Intake and adequacy of the vegan diet. A systematic review of the evidence

Research output: Contribution to journalReviewResearchpeer-review

Documents

  • Dimitra Rafailia Bakaloudi
  • Halloran, Afton Marina Szasz
  • Holly L Rippin
  • Artemis Christina Oikonomidou
  • Theodoros I Dardavesis
  • Julianne Williams
  • Kremlin Wickramasinghe
  • Joao Breda
  • Michail Chourdakis

Background: Vegan diets, where animal- and all their by-products are excluded from the diet, have gained popularity, especially in the last decade. However, the evaluation of this type of diet has not been well addressed in the scientific literature. This study aimed to investigate the adequacy of vegan diets in European populations and of their macro- and micronutrient intakes compared to World Health Organization recommendations.

Methods: A systematic search in PubMed, Web of Science, IBSS, Cochrane library and Google Scholar was conducted and 48 studies (12 cohorts and 36 cross-sectional) were included.

Results: Regarding macronutrients, vegan diets are lower in protein intake compared with all other diet types. Veganism is also associated with low intake of vitamins B2, Niacin (B3), B12, D, iodine, zinc, calcium, potassium, selenium. Vitamin B12 intake among vegans is significantly lower (0.24-0.49 μg, recommendations are 2.4 μg) and calcium intake in the majority of vegans was below recommendations (750 mg/d). No significant differences in fat intake were observed. Vegan diets are not related to deficiencies in vitamins A, B1, Β6, C, E, iron, phosphorus, magnesium, copper and folate and have a low glycemic load.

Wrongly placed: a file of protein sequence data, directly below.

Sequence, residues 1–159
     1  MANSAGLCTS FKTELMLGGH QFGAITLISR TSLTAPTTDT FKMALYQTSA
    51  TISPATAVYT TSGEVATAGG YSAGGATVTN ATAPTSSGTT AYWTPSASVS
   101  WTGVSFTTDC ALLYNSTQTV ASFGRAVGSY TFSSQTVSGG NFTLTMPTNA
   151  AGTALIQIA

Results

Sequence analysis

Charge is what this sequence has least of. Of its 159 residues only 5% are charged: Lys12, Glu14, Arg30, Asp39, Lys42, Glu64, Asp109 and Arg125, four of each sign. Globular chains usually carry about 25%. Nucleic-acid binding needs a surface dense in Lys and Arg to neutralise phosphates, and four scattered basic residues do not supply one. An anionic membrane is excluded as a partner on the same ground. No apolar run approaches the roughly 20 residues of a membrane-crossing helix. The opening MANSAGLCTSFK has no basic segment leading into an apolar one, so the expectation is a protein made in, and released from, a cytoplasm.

Conclusions: Following a vegan diet may result in deficiencies in micronutrients (vitamin B12, zinc, calcium and selenium) which should not be disregarded. However, low micro- and macronutrient intakes are not always associated with health impairments. Individuals who consume a vegan diet should be aware of the risk of potential dietary deficiencies.

Original languageEnglish
JournalClinical Nutrition
Volume40
Issue number5
Pages (from-to)3503-3521
Number of pages19
ISSN0261-5614
DOIs
Publication statusPublished - 2021

Bibliographical note

Copyright © 2020 Elsevier Ltd and European Society for Clinical Nutrition and Metabolism. All rights reserved.

    Research areas

  • Faculty of Science - Vegan diets, Veganism, WHO, European population, Health impact

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